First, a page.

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|Paynesville Press - January 25, 2006|
PAHCS audit confirms another strong fiscal year
The annual audit of the Paynesville Area Hospital District - which operates using the name Paynesville Area Health Care System (PAHCS) - confirmed the system operated at a profit of $787,000 in its 2005 fiscal year.|
PAHCS's 2005 fiscal year began on Oct. 1, 2004, and ended on Sept. 30, 2005. The audit was approved by the board of directors at a special meeting on Monday, Jan. 16. The audit was done by McGladrey & Pullen of Minneapolis.
The 2005 fiscal year comes on the heels of PAHCS recording a $1.43 million profit in 2004. These years were actually more similar financially, explained chief financial officer (CFO) Kirk Johnson, as Medicare overpaid PAHCS $420,000 in 2004 which PAHCS repaid in 2005.
PAHCS would have had a profit of $1.01 million in 2004 and $1.21 million in 2005 if this adjustment had been made before it closed its books for 2004, insteading of repaying Medicare in 2005.
Adjustments to the Medicare cost report that PAHCS submits will be normal under the critical access hospital guidelines, said Johnson, though this payback - in PAHCS's first year as a critical access hospital - will hopefully be unique.
By switching to critical access hospital, PAHCS is reimbursed by Medicare based on its actual costs, rather than on a set rate by procedure. Since PAHCS is small by health care standards - and can include facility and equipment costs - reimbursement based on costs is much higher under critical access guidelines. Administrators have told the board that the net benefit of being a critical access hospital approaches $1 million per year. (Roughly 30 percent of PAHCS's patients are Medicare eligible.)
PAHCS recorded a profit of $787,000 in 2005 while also funding $1 million in capital purchases (equipment, etc.) and putting nearly $800,000 into its reserves (with that account now containing $1 million).
"I think we're continuing with our strategy for financial security," said CEO Steve Moburg. "Our goal is to continue to fund our reserves and invest in capital without incurring additional debt. Our financial picture improved tremendously last year, even though our gain from operations was under the previous year's."
In 2005, PAHCS had total revenues of $27.72 million and total expenses of $27.10, plus nonoperating income of $0.16 million, resulting in an overall profit of $0.78 million, or $787,000. Of that revenue, PAHCS actually billed $40 million for its services in 2005, though it received only $27.7 million after discounts to government programs and insurance companies. Of its expenses ($27.1 million), slightly over half are employee salaries and other staffing costs.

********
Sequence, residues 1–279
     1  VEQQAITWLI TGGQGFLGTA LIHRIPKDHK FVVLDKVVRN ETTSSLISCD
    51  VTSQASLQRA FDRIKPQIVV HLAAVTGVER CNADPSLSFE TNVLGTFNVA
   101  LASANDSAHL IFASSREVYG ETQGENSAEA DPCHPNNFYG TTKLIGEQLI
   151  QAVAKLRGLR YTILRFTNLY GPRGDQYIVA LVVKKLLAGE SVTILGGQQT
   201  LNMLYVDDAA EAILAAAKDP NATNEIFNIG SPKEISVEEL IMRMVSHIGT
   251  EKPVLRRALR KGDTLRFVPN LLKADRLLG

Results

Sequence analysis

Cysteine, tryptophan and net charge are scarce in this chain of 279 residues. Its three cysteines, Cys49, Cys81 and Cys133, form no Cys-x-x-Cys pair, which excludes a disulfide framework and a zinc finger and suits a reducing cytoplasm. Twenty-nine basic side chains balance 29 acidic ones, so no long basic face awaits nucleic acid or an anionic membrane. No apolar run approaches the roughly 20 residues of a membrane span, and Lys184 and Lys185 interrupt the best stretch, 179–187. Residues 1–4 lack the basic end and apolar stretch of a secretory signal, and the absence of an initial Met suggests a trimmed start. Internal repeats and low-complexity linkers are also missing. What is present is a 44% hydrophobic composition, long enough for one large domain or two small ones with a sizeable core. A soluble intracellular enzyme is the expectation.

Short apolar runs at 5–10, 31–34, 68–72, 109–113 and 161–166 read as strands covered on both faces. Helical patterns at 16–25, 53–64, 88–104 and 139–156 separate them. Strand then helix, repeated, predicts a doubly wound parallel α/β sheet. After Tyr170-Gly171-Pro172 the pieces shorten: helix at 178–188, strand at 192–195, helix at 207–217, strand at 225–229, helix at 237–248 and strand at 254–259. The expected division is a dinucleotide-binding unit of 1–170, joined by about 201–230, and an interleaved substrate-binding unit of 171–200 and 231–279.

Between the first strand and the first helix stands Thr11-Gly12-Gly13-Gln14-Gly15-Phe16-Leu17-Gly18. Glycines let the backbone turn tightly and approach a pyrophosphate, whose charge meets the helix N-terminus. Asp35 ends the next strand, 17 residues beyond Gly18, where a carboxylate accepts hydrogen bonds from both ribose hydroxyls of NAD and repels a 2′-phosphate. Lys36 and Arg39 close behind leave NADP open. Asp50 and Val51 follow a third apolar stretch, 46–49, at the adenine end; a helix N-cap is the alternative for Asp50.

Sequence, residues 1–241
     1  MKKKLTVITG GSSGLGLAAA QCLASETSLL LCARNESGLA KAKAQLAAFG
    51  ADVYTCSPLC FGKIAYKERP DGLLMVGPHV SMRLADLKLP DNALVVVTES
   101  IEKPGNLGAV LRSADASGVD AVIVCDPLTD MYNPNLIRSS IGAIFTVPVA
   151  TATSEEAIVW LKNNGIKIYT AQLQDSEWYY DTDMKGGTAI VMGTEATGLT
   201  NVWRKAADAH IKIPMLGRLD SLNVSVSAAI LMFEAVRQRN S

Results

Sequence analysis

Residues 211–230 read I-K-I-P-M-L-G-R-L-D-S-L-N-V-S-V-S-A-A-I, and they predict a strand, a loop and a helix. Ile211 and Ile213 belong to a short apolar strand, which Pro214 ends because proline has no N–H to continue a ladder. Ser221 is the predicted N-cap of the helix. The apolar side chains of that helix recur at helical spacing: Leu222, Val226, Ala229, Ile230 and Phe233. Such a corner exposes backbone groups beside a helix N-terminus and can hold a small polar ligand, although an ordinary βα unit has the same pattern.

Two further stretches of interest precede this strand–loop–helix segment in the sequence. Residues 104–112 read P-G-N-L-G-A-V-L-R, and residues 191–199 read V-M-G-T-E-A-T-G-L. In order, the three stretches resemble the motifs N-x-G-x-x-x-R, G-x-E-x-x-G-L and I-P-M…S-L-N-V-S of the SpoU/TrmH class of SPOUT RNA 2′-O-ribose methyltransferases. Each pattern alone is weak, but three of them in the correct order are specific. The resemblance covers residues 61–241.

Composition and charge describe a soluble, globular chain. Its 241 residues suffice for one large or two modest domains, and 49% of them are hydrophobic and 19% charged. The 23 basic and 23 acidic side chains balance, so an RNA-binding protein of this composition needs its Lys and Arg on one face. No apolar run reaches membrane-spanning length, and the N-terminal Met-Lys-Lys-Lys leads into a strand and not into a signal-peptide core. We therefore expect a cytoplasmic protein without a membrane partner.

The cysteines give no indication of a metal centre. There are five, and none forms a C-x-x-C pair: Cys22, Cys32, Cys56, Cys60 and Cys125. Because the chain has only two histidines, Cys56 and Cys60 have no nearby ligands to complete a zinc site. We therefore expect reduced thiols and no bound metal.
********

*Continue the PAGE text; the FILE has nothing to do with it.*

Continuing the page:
PAHCS ran deficit budgets for two years prior to 2004, resorting to a line of credit to cover its cash needs. It paid off that line of credit in 2004 and now has money in reserve.
For 2006, PAHCS has budgeted another profit of $1 million, with another $1 million going for capital purchases and $1 million going into its reserves. PAHCS opened a new clinic in Cold Spring in November and so far has been able to pay for it out of its operating cash and has not needed to utilize a loan.
PAHCS's improved financial condition was evidented by a number of statistical comparisons used in the audit. For instance, debt service coverage- a ratio that compares the income to debt payments - increased to 3.1 in 2005, meaning PAHCS's profits could have covered its debt payments three times. In 2004, this ratio was 2.1. In 2002 and 2003, when PAHCS had cash-flow difficulties, this ratio was around 1.0, meaning PAHCS needed to use all its profits to pay its debt, resulting in the necessity of that line of credit.
The median debt service coverage ratio for hospitals with 0-49 beds, according to the Minnesota Hospital and Healthcare Partnership, is 3.2. This means PAHCS is trending toward this healthy average, said Johnson, which is good news.
PAHCS still has nearly $13 million in long-term debt, which require $1 million in yearly debt service payments. This reflects recent facility remodeling projects as well as expansions such as purchasing Washburne Court and Hilltop Care Center from the Good Samaritan Society. On the flip side, PAHCS's average plant age - a measure of the newness of its facility - is lower than the state average as figured by the Minnesota Hospital and Healthcare Partnership.
PAHCS, which started as a city hospital in 1956, has never levied a local tax, rather funding expansions and facility needs through operations. Just having the district - which now includes five townships and seven cities - gives PAHCS a bigger base for borrowing, Johnson said. (Even though PAHCS pays its debt through operations, it gets a better rate since its loans are ultimately backed by possible taxation, making its loans very secure.)
Profitable operations, as well as investments in capital equipment and reserve funds, are keys to being able to make future capital purchases without taxation. Health care is increasingly driven by state-of-the-art technology, and even single pieces of equipment (such as a new CT scanner) can cost over $1 million, illustrating the need to have funds available for equipment, said Johnson.
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